Infertile patients cannot afford to wait for treatment while their eggs get older.
Dr. Sherman Silber, Infertility Center of St. Louis, is offering free video consultations for patients who need to plan now for their treatment while stay-at-home orders are in place. He is talking to and evaluating patients in their home via to comply with social distancing measures.
Dr. Silber is discovering that patients actually prefer this method of telemedicine consultation over the conventional office visit. Patients have conveyed that “it is so much more convenient and less stressful” to have a free telemedicine personal consultation than to take a day off from work to travel to the doctor’s office and sit with other nervous patients in the waiting room.
The COVID-19 pandemic is thus changing much of the way we will do things in the future, and for the better. "Our patients are surprisingly much happier with this approach. Of course, at some point we need to perform hands on treatment. But with this new manner of seeing patients, we can come to the right diagnosis and treatment plan for most patients more efficiently, quickly, and painlessly, with no loss of personal one-on-one communication.” This is a very welcome new era of telemedicine that has been forced on us by the current difficult times.
“Infertile couples from all over the world come to St. Louis, Missouri, to chase their dream, because Dr. Sherman Silber and his team are simply the best there is.” –Discovery Health Channel Documentary
A common dilemma many individuals face if they’ve previously had a tubal ligation is whether they should undergo a microscopic tubal ligation reversal vs. an In Vitro Fertilization (IVF) procedure. While a tubal reversal does require more skill than an IVF procedure, a tubal reversal is actually the better option for most patients. A tubal reversal requires one operation to restore fertility, enabling the patient to have as many children as she wants, whereas an IVF procedure offers a lower, 20% to 35% chance of success for each try and can be much more costly in that it could take several attempts before becoming pregnant. Our success rate with microsurgical tubal reversal is about 95%. (We actually were the first to develop this procedure in the U.S., and therefore have the largest experience with it now in the world.) The procedure involves a relatively small incision and only one day in the hospital. There is very little pain, and you can go back to work within a week.With a new FDA approved local anesthetic that we are using for our microsurgical procedures at the time of incision closure, patients are experiencing virtually no post operative pain following surgery. The effect lasts for a full four days, and by then there is normally hardly any pain anyway. This means virtually no pain from tubal reversals, vasectomy reversals, ovary transplants, or myomectomies, or even just MESA or TESE sperm retrieval procedures. So your pain now post operatively at worst from the most major procedures may require just Extra Strength Tylenol.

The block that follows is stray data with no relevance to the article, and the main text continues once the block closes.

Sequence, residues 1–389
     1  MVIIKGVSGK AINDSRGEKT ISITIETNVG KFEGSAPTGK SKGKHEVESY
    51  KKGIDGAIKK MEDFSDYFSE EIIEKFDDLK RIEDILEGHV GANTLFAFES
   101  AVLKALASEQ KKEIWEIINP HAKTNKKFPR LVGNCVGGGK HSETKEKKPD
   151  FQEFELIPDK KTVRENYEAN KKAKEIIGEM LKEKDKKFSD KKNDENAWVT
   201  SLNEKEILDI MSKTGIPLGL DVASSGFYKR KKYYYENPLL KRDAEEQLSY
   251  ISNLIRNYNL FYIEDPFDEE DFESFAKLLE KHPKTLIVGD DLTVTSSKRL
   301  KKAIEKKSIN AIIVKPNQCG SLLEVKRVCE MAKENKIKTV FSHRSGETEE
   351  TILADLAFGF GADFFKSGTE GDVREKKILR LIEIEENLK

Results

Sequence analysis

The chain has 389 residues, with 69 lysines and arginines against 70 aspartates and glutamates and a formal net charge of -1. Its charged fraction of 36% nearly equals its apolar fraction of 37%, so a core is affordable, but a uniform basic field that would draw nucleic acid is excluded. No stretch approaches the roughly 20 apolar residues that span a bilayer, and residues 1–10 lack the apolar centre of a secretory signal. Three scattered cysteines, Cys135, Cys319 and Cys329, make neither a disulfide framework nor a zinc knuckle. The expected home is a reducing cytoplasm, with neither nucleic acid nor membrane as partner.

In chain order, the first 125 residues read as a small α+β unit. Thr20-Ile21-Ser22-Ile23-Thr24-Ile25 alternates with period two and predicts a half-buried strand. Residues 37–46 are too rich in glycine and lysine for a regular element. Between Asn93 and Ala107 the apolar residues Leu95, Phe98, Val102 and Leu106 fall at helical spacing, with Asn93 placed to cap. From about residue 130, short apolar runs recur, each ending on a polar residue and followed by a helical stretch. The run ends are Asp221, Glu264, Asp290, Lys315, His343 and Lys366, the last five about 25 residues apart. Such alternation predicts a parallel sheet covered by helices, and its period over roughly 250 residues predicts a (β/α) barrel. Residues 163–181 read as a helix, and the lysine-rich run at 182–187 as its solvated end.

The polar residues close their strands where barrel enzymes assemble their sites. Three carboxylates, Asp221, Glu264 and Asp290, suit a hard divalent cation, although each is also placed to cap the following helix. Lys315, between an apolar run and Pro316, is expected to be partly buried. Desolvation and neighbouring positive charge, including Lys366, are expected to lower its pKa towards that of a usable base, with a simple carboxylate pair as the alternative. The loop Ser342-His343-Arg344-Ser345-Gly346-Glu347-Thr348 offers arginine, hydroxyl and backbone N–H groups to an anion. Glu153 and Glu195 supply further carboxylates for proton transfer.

The fallopian tube is a tiny passageway that begins at the fimbrial end where the egg is picked up from the surface of the ovary, and leads through a microscopic opening into the uterus. As long as the fimbrial end has not been destroyed we can achieve an excellent micro-anatomical reconnection.
If a large amount of tube was destroyed by your original sterilization, that will not interfere with our achieving an accurate surgical reconnection. However, your chance for pregnancy is related to the length of the tube. If at least one-half of the tube is still intact, the chances for pregnancy will be over 90%. If there is a shorter length of tube, the chances for pregnancy will be less. As the amount of tubal length diminishes, the chance of pregnancy diminishes despite an accurate reconnection. Pregnancy can never be promised. However, a good microscopic operation is necessary to give you the best chance of restoring your fertility.
The diameter of the tube varies in different sections. Because your tubal sterilization has destroyed a certain segment of your tube, the two ends which to be reconnected will most probably be of different size. Through the use of microsurgery we can beautifully reconnect these ends of the tube even when there is a difference in size. It is technically possible to connect the relatively large diameter near the fimbriated end to the tiny almost invisible cornual end. However, it is important to microscopically tailor such a reconnection to be as smooth as possible. This minimizes the risk of “ectopic” pregnancy, which would be very rare in our hands. An ectopic pregnancy occurs when the egg, which is fertilized in the tube, gets stuck at the site of reconnection instead of passing into the womb to begin its growth into a baby. This risk is greatest when the site of reconnection is not a smooth, even transition.
The benefit of using the microscope for this surgery is that we can see the tiny inner opening of the tube clearly, and thereby accurately reconnect it with stitches that are finer than a human hair and literally invisible to the naked eye. A meticulous microsurgical technique is necessary, and this, of course, requires considerable experience. We have performed over 12,000 microsurgical operations to reverse sterility in men and women, after developing these exacting microsurgical techniques on over 2,000 laboratory rats. It requires this kind of extensive practical experience to obtain the best results.
Atlas of photo micrographs of tubal ligation procedures